Lead-acid batteries are rechargeable. Have you tried recharging it? That often will do.
Lead-acid batteries fail after 4-7 years
The simplest reason is there's acid in them. But some other battery types don't do any better, look at any cell phone battery.
Lead-acid batteries hate deep cycling
If you draw out most of the power of a battery, and then recharge it, that is called a "deep cycle". This is different from starting a car normally, where you take a small amount of energy "off the top" for cranking, and then quickly charge it back up once the alternator is running.
A unique curse of the lead-acid chemistry is that deep-cycles damage the battery. Other battery types don't have that problem. Deep-cycle-rated lead-acids, like Optima yellowtops, do better -- but they still will be destroyed by deep cycling, just will get more cycles before they do (on the upper range of the numbers I'm about to give).
- If you drain it dead, you'll get 5-30 cycles before battery death
- If you drain to 50%, maybe 20-200 cycles
- if only 25% depth-of-discharge (using 25% of capacity) many hundreds of cycles
- 15% DOD thousands of cycles.
If you design with batteries, e.g. off-grid solar systems, nobody will tell you this, it's just something you're expected to know... SMH...
How does that happen in a car? When you forget and leave lights on, or have a wiring fault which drains the battery, and find the car dead and jumpstart it or put it on a battery charger to get it going again... and that becomes a habit.
They don't like being left discharged, either
Another thing that kills car batteries is leaving them in a state of discharge for awhile. Suppose the battery gets drained and you just store it drained instead of recharging it. Or if the car is parked for months and has an electrical drain (as some modern cars do). Lead-acid batteries must be stored at 100% charge.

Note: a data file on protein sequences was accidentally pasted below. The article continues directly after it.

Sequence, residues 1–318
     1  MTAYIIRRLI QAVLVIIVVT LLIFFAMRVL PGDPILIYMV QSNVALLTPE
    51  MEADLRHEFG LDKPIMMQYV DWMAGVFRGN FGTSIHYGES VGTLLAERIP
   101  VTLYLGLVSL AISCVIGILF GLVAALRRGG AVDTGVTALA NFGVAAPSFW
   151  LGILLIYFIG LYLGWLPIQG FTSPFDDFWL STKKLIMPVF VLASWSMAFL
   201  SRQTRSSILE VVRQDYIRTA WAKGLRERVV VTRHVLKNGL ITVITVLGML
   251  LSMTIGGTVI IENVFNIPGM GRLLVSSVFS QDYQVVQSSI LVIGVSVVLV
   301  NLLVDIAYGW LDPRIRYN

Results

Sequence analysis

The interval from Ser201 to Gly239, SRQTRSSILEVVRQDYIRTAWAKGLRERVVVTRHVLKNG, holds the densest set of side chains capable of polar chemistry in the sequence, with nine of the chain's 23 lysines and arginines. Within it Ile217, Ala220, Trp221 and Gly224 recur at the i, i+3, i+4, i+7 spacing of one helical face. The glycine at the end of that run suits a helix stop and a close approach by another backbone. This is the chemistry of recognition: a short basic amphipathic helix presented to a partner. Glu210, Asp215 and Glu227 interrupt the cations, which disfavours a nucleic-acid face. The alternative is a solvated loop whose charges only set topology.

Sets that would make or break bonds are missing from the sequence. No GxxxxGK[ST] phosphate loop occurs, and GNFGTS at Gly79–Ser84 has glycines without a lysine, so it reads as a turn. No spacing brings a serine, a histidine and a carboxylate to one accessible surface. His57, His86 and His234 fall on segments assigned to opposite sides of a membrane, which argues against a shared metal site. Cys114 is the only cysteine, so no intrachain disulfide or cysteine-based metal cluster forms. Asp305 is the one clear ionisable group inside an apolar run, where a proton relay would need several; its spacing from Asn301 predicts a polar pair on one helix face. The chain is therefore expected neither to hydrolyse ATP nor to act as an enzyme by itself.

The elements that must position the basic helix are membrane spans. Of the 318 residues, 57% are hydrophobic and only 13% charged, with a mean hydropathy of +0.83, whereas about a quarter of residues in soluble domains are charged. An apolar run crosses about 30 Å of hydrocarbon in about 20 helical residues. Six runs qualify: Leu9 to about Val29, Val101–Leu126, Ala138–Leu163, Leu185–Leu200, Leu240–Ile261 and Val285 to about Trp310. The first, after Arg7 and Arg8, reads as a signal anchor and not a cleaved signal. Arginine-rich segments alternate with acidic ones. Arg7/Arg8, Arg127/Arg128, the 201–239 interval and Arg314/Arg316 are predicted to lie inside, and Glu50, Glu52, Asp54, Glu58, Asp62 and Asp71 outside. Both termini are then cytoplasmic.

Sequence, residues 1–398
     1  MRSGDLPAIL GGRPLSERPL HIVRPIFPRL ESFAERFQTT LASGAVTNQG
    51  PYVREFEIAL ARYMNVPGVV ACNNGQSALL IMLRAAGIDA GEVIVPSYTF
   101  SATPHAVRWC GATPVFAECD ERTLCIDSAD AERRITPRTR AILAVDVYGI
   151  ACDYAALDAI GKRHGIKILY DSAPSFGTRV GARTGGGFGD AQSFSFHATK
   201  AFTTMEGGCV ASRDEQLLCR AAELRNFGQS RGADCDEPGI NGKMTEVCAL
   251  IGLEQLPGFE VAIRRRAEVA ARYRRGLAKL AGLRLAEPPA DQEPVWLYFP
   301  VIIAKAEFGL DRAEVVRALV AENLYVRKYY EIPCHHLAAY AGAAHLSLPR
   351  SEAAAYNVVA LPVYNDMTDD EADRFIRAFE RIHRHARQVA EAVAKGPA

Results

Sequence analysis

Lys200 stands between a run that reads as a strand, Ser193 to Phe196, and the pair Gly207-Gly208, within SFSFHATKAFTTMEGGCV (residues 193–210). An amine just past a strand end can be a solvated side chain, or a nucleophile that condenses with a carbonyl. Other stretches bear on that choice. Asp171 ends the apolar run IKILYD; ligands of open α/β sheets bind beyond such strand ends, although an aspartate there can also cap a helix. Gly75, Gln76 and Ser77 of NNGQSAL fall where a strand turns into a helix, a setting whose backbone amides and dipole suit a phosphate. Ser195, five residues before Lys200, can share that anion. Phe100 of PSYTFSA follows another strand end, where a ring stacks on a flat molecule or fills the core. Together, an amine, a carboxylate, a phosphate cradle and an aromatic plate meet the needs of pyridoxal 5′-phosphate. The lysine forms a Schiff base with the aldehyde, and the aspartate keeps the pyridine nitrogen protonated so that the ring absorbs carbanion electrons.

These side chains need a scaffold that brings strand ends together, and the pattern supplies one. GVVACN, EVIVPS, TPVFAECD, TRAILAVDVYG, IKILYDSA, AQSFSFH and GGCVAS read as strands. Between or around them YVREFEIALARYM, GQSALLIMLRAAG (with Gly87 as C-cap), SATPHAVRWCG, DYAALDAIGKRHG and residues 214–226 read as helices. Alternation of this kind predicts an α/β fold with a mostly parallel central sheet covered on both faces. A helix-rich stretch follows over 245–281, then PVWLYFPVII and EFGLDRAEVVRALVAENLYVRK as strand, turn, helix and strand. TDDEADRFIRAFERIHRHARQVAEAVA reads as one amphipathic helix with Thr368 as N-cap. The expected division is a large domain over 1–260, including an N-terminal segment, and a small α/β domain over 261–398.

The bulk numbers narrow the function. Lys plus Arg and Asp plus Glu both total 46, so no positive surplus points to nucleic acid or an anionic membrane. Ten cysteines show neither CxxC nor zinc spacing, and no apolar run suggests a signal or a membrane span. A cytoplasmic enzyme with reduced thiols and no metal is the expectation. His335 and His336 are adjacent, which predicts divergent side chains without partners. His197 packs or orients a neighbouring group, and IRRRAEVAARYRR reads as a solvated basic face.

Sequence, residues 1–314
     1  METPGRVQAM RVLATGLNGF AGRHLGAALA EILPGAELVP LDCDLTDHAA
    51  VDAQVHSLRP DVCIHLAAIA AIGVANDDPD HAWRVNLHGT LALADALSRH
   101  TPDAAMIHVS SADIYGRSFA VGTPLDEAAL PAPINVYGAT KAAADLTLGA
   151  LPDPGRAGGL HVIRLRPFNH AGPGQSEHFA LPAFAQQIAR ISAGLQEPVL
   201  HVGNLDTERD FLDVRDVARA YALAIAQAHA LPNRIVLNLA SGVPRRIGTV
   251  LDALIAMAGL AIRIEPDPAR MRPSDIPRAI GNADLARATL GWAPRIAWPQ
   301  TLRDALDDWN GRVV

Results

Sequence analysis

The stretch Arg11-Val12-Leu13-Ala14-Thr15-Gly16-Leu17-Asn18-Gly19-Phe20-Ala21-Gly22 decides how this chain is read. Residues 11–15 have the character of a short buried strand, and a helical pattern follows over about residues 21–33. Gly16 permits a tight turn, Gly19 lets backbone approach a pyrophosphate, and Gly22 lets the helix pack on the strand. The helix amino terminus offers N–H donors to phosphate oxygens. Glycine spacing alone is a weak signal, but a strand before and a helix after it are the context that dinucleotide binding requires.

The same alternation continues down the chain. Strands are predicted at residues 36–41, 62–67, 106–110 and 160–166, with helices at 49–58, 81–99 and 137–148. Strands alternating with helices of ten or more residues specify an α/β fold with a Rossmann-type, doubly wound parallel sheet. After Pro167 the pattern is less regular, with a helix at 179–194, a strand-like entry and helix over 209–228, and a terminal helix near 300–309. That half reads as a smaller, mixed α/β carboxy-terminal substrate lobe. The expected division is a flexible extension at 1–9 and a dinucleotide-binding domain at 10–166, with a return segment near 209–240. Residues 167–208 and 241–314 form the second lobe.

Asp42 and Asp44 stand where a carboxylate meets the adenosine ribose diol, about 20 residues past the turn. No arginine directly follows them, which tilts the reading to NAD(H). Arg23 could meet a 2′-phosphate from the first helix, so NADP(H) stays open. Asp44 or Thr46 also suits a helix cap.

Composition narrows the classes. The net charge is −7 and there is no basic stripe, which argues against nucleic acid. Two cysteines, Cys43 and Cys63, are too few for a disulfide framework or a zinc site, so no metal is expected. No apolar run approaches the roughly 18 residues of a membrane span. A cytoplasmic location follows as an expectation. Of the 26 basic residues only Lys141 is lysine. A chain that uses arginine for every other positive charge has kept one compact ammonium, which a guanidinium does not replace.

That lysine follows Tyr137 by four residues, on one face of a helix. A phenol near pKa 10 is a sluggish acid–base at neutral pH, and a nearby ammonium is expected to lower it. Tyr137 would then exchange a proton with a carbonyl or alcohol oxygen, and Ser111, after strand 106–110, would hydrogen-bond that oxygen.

Another killer is winter cold plus discharge. Since the chemical reaction is lead vs acid, at 100% charge, the acid is very strong. At full discharge, the acid is very weak. Strong acid freezes well below minus 40 degrees. Weak acid is mostly water and is much more vulnerable to freezing at common winter temperatures. When it freezes, it cracks the battery's case, and it's done.
Surely there must be a better battery
Once upon a time, there were a variety of batteries on the market, and all of them are fine with deep discharge.
The famous "Edison Cell" was made for electric cars, is nickel-iron, and is virtually immune to abuse, having none of the above problems, and last 40+ years. It's not good at huge amounts of surge current, though, that's the one thing lead-acids are better at.
It evolved into the nickel-cadmium, either in a traditional wet-cell or a sealed AA or D-cell. They solved the surge current problem, in fact they can start jet engines - that's how jetliner APUs start. (and in the linked video, that's a really old battery.) These batteries last 20 years too. Of course they're more expensive.
Now, lithium batteries are literally exploding onto the battery marketplace. Every cell phone, most laptops, and the Boeing Dreamliner use them, and they could make a viable car battery. However nothing indicates they'll last any longer than lead-acids.